In the early 1970's I used to use Alexander Road as a short cut from Kilburn to Swiss Cottage and remember wondering how the unfortunate people living in those imposing but decrepit Victorian mansions survived the winters. They weren't wealthy enough to seal up the windows, how did they manage to heat their huge homes?
Ten years later, my council lottery number came up and Rowley Way was one of the offers. I was amazed to see what the council had done with Alexander Road. By now I had two toddlers and another baby on the way, so my choice was heavily influenced by this fact.I had turned down two other apparently much more desirable flats on the grounds that they did not meet my most basic requirements: safety for the children, personal comfort, freedom and adequate privacy.
I was looking for a home that didn't imprison; where we could sit outside without leaving home; I needed to feel my children were safe being outdoors, walking to the shops unaccompanied for instance. I was also keen not to be isolated, as so often happens to young mothers, and yearned to be part of a vibrant mixed community. Being a "foreigner", I was not constrained by classic English snobberies and preconceptions about public housing and viewed the estate with an open mind.
My first impression of Rowley Way remains vivid. The earthy red brick walk way and the dazzling white concrete structures had such a jolly Mediteranean feel. It was immediately possible to visualize it's potential as London's equivalent of the Hanging Gardens of Babylon. As soon as you turn off the busy Abbey Road into the estate, it is calm and quiet.This seems a rare luxury so close to central London.
My 3 bed-roomed maisonette is flooded with light from every available source. Huge picture windows look out over a peaceful oasis of greenery and mature trees. Many a time I have sat and been simply uplifted by this lush view of nature or been stunned by the beauty of the sun burnishing the windows opposite with a copper glow. My utilitarian kitchen looks directly onto the brick walkway, which is particularly child friendly, and being pedestrian only (officially that is!) the children play safely there, within watching and shouting distance.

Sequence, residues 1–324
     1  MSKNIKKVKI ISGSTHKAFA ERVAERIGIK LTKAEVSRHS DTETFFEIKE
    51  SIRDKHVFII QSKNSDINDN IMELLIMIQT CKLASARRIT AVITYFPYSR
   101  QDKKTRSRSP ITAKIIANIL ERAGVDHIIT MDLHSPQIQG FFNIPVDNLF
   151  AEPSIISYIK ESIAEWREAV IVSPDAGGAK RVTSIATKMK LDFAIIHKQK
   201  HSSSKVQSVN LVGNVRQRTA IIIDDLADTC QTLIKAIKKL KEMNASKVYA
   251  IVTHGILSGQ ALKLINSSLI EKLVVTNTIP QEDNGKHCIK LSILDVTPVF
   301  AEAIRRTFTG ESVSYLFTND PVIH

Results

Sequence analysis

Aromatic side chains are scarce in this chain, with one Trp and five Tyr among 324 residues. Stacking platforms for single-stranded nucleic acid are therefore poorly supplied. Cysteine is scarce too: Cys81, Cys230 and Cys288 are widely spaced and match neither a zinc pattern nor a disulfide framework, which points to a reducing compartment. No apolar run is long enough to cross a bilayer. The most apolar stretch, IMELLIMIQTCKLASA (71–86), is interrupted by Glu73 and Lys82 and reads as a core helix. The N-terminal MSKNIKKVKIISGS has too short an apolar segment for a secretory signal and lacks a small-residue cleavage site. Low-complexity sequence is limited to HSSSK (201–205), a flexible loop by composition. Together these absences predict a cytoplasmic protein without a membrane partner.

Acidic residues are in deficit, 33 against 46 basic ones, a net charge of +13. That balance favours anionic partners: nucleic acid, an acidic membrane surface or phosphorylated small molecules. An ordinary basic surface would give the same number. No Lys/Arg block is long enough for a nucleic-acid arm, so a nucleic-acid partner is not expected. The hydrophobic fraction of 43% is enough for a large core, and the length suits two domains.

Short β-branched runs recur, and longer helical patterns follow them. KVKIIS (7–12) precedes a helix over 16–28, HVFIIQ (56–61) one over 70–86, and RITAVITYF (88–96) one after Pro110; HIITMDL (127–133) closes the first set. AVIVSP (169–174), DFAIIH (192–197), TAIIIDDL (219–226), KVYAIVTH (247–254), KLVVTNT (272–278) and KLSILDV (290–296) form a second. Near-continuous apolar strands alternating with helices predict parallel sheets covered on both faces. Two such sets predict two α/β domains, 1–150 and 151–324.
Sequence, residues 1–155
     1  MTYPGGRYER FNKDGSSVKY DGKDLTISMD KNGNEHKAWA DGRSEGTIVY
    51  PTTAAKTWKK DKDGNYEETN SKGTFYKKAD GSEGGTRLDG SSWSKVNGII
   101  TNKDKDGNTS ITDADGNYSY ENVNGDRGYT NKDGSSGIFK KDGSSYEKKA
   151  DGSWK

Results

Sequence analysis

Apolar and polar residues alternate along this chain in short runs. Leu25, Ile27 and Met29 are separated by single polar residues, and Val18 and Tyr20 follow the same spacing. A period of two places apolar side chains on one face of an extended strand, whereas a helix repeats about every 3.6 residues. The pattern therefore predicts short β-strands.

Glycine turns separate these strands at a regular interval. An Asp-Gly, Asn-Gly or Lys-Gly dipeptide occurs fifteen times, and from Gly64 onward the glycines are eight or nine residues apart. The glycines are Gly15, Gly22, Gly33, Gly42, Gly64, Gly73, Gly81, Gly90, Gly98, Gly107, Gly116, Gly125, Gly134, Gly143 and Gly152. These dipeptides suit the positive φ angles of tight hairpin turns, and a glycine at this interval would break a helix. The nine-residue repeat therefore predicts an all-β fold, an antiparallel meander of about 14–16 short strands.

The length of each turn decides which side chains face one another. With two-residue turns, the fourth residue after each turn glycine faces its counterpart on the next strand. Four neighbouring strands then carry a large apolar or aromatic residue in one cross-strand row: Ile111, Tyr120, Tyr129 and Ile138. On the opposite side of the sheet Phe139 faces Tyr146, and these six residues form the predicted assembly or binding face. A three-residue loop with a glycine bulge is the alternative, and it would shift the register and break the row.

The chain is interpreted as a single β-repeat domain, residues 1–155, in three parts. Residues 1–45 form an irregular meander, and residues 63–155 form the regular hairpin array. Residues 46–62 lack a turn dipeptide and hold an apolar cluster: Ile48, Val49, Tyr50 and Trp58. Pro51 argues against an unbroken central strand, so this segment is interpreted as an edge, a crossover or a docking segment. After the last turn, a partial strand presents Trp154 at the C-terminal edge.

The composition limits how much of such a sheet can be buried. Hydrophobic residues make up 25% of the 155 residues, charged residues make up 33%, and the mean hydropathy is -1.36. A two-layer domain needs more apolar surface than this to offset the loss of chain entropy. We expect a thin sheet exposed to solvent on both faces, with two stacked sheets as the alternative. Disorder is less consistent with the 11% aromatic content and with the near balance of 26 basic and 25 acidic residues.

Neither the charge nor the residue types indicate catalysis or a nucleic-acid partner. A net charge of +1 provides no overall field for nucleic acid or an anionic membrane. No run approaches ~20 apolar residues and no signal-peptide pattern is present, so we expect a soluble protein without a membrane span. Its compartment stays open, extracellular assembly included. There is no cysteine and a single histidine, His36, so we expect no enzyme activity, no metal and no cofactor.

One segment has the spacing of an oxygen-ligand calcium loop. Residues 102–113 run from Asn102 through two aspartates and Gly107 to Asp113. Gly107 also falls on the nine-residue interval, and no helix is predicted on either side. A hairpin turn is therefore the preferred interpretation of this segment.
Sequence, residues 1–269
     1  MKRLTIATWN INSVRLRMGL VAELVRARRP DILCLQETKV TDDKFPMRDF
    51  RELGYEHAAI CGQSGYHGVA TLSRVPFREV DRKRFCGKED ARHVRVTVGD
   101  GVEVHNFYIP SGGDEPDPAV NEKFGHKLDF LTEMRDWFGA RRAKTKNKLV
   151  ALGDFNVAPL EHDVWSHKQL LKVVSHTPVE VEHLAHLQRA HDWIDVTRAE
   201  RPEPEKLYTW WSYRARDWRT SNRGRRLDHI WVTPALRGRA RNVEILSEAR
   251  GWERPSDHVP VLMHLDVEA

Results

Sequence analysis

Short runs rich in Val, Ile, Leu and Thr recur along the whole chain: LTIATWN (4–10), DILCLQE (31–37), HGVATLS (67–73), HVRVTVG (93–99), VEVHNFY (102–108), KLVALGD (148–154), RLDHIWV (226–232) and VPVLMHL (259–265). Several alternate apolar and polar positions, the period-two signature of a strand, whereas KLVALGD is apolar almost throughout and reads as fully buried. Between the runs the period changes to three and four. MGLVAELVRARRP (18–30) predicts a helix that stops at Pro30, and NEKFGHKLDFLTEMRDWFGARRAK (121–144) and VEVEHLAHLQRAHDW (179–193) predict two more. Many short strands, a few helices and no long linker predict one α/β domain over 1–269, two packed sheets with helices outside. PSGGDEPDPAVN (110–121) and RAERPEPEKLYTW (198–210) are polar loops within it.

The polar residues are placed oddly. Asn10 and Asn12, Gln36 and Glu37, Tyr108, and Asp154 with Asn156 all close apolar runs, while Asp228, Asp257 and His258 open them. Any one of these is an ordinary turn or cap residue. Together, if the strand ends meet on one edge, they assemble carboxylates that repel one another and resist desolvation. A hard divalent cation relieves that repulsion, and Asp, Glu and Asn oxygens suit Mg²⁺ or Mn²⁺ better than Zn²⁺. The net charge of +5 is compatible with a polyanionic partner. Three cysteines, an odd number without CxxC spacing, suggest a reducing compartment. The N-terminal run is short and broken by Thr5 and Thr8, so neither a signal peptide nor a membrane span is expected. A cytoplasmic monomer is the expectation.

Older children have the playgrounds, which are overlooked by everywhere, thus allowing one to join a community of women with children who effortlessly watch over each others offspring from the comfort of their own homes.
I particularly love the simple clean lines of the flats; the sense of airy space despite their small size and low ceilings. I've seen interiors as diverse as Laura Ashley busy to Bauhaus austere, working equally well in these flats — they are well suited to transformation to personal taste. The walls are so thick that neighbors' noise rarely penetrates. One of the very best features, in my opinion, is the ingenious heating system, which, in the winter, is complete. No icy corners and draughty hallways, and no ugly radiators in sight.
I think, ultimately, the genius of the design lies in the subtle way it supports family life, and a community spirit without forcing it down our throats. It's as easy to be part of the community as it is to stay aloof.
For example, family units are constructed in such a way that only two families are forced, as it were, to be in extremely close proximity (sharing a basement stairwell, in our case). This makes it easier to deal with spatial conflicts.
I've heard people comment on "how inhuman" Rowley Way appears to them. I can only say that my experiences in over 20 years of living in Rowley Way have mostly been positive and very human. Whether you've lived here for 20 years or 20 minutes, people are invariably friendly, polite and sensitive. I believe the space somehow magically engenders this. My closest neighbors and I enjoy mutual respect, naturally, perhaps because we're neither below nor above each other, but side by side, living in peace and harmony. For this I have always been grateful.
Interesting how two similar designs can have such different fates.